Layered semi-convection and tides in giant planet interiors
I. Propagation of internal waves
1 Laboratoire AIM Paris-Saclay, CEA/DRF, CNRS, Univ. Paris-Diderot, IRFU/SAp Centre de Saclay, 91191 Gif-sur-Yvette, France
2 Department of Applied Mathematics and Theoretical Physics, University of Cambridge, Centre for Mathematical Sciences, Wilberforce Road, Cambridge CB3 0WA, UK
3 Département de Physique, ENS Paris-Saclay, Université Paris-Saclay, 61 Avenue du Président Wilson, 94230 Cachan, France
4 Department of Applied Mathematics, School of Mathematics, University of Leeds, Leeds, LS2 9JT, UK
5 LESIA, Observatoire de Paris, PSL Research University, CNRS, Sorbonne Universités, UPMC Univ. Paris 06, Univ. Paris-Diderot, Sorbonne Paris Cité, 5 place Jules Janssen, 92195 Meudon, France
Received: 10 March 2017
Accepted: 27 April 2017
Context. Layered semi-convection is a possible candidate to explain Saturn’s luminosity excess and the abnormally large radius of some hot Jupiters. In giant planet interiors, it could lead to the creation of density staircases, which are convective layers separated by thin stably stratified interfaces. These are also observed on Earth in some lakes and in the Arctic Ocean.
Aims. We aim to study the propagation of internal waves in a region of layered semi-convection, with the aim to predict energy transport by internal waves incident upon a density staircase. The goal is then to understand the resulting tidal dissipation when these waves are excited by other bodies such as moons in giant planets systems.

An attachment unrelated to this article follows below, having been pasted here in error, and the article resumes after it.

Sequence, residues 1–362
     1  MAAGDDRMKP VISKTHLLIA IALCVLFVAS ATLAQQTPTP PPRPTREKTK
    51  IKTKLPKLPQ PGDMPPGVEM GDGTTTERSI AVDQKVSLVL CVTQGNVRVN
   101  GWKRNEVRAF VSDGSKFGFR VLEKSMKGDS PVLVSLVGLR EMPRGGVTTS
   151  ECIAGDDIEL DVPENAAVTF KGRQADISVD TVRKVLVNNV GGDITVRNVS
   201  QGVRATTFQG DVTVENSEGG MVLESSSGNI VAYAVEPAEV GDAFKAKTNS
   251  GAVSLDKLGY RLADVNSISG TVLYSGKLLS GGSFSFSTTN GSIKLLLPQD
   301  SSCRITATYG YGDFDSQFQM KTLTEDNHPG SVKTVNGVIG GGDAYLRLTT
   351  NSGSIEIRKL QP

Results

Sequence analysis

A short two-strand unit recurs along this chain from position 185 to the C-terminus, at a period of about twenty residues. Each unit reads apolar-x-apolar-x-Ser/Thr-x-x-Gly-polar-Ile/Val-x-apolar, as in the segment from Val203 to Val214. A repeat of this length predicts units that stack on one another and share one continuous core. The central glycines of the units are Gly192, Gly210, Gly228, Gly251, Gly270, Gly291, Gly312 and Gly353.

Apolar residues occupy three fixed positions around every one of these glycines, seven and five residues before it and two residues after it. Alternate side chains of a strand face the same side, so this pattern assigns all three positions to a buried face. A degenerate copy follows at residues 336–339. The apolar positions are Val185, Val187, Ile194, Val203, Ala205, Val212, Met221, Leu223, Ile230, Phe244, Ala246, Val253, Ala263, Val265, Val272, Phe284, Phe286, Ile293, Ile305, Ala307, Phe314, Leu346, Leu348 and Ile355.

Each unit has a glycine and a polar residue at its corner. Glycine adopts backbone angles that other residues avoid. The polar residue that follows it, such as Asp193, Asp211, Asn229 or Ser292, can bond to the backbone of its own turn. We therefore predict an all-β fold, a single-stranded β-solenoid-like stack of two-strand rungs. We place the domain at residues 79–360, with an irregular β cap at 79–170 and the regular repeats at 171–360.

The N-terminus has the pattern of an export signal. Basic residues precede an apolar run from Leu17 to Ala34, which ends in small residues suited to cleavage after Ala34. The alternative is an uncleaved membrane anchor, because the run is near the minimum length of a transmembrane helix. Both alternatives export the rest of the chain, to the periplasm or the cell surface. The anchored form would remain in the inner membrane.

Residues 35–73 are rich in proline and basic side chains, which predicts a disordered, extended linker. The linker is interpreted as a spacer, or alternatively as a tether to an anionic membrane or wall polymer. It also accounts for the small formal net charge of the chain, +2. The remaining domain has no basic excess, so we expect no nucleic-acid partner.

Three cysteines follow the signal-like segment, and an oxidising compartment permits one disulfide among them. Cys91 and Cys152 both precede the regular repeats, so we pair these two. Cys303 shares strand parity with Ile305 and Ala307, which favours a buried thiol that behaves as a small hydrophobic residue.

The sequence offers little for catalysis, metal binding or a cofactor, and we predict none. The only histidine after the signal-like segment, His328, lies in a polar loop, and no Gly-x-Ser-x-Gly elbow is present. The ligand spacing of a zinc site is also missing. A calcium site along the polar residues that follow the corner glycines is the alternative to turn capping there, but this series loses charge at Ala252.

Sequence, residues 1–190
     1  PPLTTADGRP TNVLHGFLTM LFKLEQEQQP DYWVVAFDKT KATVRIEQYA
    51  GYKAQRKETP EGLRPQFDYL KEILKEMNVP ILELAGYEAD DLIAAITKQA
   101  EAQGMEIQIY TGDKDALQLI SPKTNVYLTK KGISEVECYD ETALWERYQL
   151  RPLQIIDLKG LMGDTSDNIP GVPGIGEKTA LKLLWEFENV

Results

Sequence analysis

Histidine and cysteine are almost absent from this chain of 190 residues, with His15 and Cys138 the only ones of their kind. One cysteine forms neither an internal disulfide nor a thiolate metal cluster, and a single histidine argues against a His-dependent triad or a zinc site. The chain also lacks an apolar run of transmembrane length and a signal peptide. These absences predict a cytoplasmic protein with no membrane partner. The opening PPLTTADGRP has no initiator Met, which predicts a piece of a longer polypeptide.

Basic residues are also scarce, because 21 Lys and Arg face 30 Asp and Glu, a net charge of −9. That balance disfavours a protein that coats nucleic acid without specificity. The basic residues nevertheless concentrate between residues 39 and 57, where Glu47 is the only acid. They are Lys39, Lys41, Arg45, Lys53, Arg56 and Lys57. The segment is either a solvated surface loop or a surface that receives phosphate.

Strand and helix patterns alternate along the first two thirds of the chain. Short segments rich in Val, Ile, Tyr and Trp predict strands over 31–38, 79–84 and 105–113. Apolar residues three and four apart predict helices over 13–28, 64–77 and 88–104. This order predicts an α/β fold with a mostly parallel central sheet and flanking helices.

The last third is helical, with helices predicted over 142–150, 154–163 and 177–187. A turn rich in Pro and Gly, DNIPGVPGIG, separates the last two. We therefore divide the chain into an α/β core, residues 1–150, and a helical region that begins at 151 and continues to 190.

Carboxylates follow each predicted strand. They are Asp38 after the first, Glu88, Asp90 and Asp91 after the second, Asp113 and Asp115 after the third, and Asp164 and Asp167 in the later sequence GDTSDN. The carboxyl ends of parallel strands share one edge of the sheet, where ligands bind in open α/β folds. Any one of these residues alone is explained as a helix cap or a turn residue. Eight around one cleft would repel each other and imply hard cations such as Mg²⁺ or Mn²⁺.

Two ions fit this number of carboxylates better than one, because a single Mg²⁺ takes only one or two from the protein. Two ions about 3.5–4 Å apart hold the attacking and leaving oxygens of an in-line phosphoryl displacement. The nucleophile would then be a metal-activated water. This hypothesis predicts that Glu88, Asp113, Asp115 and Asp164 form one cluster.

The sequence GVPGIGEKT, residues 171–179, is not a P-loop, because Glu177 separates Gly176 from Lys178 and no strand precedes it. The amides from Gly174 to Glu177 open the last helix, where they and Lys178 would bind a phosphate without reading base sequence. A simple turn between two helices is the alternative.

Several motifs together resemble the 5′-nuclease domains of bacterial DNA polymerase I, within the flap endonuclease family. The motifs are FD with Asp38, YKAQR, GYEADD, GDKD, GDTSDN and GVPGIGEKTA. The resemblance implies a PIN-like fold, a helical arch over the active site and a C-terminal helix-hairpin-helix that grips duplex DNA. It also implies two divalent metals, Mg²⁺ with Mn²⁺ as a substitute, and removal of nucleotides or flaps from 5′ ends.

Methods. We used a local Cartesian analytical model, taking into account the complete Coriolis acceleration at any latitude, thus generalising previous works. We used a model in which stably stratified interfaces are infinitesimally thin, before relaxing this assumption with a second model that assumes a piecewise linear stratification.
Results. We find transmission of incident internal waves to be strongly affected by the presence of a density staircase, even if these waves are initially pure inertial waves (which are restored by the Coriolis acceleration). In particular, low-frequency waves of all wavelengths are perfectly transmitted near the critical latitude, defined by θc = sin-1(ω/ 2Ω), where ω is the wave’s frequency and Ω is the rotation rate of the planet. Otherwise, short-wavelength waves are only efficiently transmitted if they are resonant with a free mode (interfacial gravity wave or short-wavelength inertial mode) of the staircase. In all other cases, waves are primarily reflected unless their wavelengths are longer than the vertical extent of the entire staircase (not just a single step).
Conclusions. We expect incident internal waves to be strongly affected by the presence of a density staircase in a frequency-, latitude- and wavelength-dependent manner. First, this could lead to new criteria to probe the interior of giant planets by seismology; and second, this may have important consequences for tidal dissipation and our understanding of the evolution of giant planet systems.
Key words: methods: analytical / planets and satellites: dynamical evolution and stability / planets and satellites: interiors / hydrodynamics / waves / planet-star interactions
© ESO, 2017